There can be a sense of worry or guilt for those with and beyond cancer, when interacting with a partner. This can lower sex drive and hinders the ability to orgasm. Even though it pushes away the want for intimacy, in some cases simply touching can help those feel cared for and reduce any anxiety and depression that may be there.
5. Hormone changes
Hormones like oestrogen and progesterone (the main sex hormones for women) and testosterone (the main sex hormone for men) all affect sexual desire and arousal. Sex hormone levels can be altered by some cancers or cancer treatments. Usually, they become lowered after cancer treatment either by blocking the actions of the hormones or reducing the level of hormones produced.
Prostate cancer radiotherapy lowers testosterone levels and can lead to long-term effects like erectile dysfunction. Treatments for prostate cancer and breast cancer are most likely to affect hormone levels in the body. But treatment for other types of cancers can affect them too.
Some chemotherapy drugs can affect how the ovaries work. This can lower the amount of oestrogen or stop the production of oestrogen entirely. In some cases, treatments like chemotherapy or radiotherapy can damage the ovaries, leading to treatment induced menopause. Side effects include experiencing vaginal dryness, low sex drive and pain during sex.
Taking steps to help
While some of the changes described above can seem scary and overwhelming, there are resources out there that can help.
For some people it’s important to connect with their sexuality straight after treatment and for others it may be a while before they wish to explore the effects of treatment on their sexual expression and possible solutions. There are alternatives to penetrative sex which can be mutually enjoyable and help people to improve sexual wellbeing, like kissing, touching and talking.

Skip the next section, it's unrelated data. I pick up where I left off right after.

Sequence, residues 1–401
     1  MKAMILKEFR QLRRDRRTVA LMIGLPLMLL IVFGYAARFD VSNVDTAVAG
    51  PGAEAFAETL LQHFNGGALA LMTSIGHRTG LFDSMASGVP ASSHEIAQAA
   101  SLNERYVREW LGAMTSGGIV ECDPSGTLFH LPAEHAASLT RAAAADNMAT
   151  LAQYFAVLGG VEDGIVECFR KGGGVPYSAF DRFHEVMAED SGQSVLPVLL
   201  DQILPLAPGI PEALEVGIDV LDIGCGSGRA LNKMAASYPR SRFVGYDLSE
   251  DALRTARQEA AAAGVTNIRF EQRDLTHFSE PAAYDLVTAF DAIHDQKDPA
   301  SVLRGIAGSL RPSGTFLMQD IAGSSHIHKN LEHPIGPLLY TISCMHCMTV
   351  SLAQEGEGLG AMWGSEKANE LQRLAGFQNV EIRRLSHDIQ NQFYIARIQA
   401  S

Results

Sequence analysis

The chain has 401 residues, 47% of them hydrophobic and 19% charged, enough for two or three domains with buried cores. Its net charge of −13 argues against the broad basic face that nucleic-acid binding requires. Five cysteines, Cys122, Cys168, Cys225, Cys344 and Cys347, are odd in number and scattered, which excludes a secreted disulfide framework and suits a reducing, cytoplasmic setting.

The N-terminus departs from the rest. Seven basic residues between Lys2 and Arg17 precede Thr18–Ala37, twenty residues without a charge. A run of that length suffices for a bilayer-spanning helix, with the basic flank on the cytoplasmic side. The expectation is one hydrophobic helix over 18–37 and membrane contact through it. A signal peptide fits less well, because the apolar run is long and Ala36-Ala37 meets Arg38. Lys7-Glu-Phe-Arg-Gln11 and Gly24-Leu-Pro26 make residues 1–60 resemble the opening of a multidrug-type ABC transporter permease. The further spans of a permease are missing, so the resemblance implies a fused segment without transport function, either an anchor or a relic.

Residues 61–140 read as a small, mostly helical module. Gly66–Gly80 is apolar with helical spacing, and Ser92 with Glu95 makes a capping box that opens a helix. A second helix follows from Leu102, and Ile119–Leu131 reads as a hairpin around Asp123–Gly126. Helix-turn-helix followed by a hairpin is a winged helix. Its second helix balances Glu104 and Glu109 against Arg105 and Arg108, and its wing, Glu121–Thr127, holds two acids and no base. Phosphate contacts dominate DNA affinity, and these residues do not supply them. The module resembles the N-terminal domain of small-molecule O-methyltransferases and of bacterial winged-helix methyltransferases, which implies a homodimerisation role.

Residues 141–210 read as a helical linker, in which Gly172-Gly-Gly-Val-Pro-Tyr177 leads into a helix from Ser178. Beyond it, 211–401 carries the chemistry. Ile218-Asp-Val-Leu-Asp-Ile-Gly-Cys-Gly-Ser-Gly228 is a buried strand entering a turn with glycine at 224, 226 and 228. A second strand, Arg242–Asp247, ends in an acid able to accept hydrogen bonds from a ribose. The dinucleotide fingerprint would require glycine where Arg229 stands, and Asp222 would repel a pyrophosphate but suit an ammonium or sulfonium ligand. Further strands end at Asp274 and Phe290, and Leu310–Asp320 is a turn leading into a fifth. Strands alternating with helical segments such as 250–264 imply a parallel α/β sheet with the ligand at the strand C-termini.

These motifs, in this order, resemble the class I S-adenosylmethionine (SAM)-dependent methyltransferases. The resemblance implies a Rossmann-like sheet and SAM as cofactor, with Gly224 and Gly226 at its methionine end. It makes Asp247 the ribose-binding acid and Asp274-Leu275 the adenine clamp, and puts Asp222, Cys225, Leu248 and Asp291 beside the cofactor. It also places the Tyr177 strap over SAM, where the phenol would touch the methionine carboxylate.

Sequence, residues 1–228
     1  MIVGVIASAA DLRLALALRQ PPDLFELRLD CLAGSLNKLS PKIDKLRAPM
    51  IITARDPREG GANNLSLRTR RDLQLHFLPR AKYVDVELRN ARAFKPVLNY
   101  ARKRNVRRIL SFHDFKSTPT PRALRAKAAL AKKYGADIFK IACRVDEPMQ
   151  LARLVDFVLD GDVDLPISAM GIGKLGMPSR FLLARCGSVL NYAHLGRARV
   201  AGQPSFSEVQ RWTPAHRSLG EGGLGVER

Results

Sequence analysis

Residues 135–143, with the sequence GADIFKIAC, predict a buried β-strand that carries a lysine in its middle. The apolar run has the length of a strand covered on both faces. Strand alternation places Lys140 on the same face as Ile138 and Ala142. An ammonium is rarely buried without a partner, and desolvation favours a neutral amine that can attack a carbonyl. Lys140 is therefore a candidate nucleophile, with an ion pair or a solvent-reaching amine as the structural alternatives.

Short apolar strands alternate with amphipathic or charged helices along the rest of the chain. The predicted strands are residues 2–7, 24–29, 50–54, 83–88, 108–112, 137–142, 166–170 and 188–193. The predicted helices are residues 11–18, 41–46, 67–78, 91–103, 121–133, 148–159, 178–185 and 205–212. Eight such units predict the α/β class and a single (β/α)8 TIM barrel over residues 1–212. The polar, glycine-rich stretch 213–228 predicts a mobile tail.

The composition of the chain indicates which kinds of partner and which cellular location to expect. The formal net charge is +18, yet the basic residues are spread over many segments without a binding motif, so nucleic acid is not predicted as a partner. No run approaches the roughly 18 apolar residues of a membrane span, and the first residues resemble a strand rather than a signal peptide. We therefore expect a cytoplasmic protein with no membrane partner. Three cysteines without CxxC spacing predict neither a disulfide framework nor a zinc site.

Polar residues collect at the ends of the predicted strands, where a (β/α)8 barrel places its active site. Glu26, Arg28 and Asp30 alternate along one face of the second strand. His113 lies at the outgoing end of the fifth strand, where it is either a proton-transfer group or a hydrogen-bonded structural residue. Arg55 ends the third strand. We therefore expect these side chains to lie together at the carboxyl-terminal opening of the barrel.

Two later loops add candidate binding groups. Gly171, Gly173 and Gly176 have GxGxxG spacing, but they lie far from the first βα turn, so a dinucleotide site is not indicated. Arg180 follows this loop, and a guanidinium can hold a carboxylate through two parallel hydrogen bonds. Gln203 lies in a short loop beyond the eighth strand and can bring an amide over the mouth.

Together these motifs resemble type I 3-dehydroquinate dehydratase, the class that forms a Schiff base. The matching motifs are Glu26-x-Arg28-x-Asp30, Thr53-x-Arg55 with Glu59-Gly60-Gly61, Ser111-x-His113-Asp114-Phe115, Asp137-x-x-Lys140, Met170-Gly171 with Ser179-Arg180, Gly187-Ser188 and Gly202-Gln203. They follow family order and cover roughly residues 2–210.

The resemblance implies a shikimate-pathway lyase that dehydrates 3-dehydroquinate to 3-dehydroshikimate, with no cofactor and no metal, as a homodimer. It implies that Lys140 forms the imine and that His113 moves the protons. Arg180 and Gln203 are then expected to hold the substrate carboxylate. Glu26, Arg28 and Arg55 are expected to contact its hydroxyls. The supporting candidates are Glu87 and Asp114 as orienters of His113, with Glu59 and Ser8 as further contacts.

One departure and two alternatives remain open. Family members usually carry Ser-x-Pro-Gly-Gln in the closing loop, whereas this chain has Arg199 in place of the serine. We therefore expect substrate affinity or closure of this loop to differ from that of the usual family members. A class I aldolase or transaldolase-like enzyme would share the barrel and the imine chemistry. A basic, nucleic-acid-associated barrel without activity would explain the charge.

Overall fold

But no matter at what stage a person with or beyond cancer is at with their sexual wellbeing, it is always a conversation you can have with your health professional.
“Research into sexual difficulties after cancer suggests that being proactive in talking about the sexual challenges we may be facing, and actively seeking strategies to help us is more likely to result in improved sexual and relationship wellbeing,” Dr White continues.
“Talking about the struggles we may be facing with partners and health professionals can help us understand where we are emotionally and physically in our sexual adjustment. It reduces assumptions or misunderstandings and encourages working in partnership to seek specialist information, counselling and products, so we can explore and regain sexual pleasure after cancer.”
But raising this issue can be uncomfortable for some. To help overcome the awkward feeling there is a recommended communication tactic called the S.E.A model. The acronym stands for being specific about the problem, explain why it is important, and ask what can be done to help. It helps to make the conversation feel more focussed finding the solution than trying to go around the problem.
Talking may not be the key for everyone but it can often help. Any diagnosis, regardless of the cancer type, can have an impact on a person’s sexual wellbeing and take away the enjoyment that they want to experience. It’s important to have support to help individuals feel more comfortable in their bodies and more confident exploring pleasure beyond cancer.
If you would like to read more information about sexual wellbeing and cancer you can visit our About Cancer pages.
Listen to our podcast for more
Our episode of That Cancer Conversation, ‘Sex, intimacy and cancer’, covers how cancer can impact sexual wellbeing and how we can have better conversations about it.
We talk to Dr Isabel White, a cancer nurse and psychosexual therapist who has worked in the field for over 20 years. Tara, who shares her personal experience on how cervical cancer impacted her sex life. And Brian Lobel, co-founder of Sex with Cancer, an online initiative for those with and beyond cancer.
Listen to it here!